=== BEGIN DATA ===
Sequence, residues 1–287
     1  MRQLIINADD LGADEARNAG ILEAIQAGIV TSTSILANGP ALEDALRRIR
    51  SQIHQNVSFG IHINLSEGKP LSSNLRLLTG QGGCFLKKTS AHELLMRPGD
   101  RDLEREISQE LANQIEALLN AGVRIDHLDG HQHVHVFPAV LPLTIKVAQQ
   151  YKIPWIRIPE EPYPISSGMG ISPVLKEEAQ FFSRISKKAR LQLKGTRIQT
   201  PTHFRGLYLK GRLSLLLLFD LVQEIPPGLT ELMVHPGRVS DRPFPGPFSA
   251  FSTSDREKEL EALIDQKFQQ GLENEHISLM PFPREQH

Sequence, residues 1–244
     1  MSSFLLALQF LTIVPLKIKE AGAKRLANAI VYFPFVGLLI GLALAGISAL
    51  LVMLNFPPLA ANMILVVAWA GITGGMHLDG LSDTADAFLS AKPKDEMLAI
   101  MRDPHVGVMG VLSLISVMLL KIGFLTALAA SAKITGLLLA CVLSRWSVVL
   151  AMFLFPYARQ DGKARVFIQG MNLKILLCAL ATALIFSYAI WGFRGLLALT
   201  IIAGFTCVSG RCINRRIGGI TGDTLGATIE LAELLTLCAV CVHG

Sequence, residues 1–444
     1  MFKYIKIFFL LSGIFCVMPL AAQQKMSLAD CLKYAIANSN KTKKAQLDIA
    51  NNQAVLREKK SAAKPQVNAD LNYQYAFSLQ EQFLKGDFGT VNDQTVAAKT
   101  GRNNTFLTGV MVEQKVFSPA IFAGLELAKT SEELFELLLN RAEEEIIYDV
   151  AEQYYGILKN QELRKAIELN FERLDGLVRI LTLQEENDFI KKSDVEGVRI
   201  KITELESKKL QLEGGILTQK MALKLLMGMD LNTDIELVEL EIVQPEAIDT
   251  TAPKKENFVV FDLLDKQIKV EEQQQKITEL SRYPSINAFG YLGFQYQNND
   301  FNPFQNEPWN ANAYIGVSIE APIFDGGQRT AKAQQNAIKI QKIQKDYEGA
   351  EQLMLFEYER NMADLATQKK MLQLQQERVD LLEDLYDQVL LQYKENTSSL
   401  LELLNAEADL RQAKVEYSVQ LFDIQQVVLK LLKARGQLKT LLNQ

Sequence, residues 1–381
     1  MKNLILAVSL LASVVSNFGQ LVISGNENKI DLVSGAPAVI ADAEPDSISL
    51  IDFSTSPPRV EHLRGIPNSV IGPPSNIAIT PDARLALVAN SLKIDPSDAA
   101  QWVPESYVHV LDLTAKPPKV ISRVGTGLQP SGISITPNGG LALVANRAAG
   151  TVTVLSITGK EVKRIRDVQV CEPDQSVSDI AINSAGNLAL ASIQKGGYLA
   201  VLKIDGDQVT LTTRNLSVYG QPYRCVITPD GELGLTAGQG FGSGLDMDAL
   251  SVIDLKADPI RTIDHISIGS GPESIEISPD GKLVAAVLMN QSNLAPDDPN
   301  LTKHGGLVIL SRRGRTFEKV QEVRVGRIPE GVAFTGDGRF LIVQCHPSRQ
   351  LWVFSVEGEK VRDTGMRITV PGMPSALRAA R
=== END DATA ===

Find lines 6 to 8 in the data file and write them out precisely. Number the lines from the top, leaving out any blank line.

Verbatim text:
   201  PTHFRGLYLK GRLSLLLLFD LVQEIPPGLT ELMVHPGRVS DRPFPGPFSA
   251  FSTSDREKEL EALIDQKFQQ GLENEHISLM PFPREQH

Sequence, residues 1–244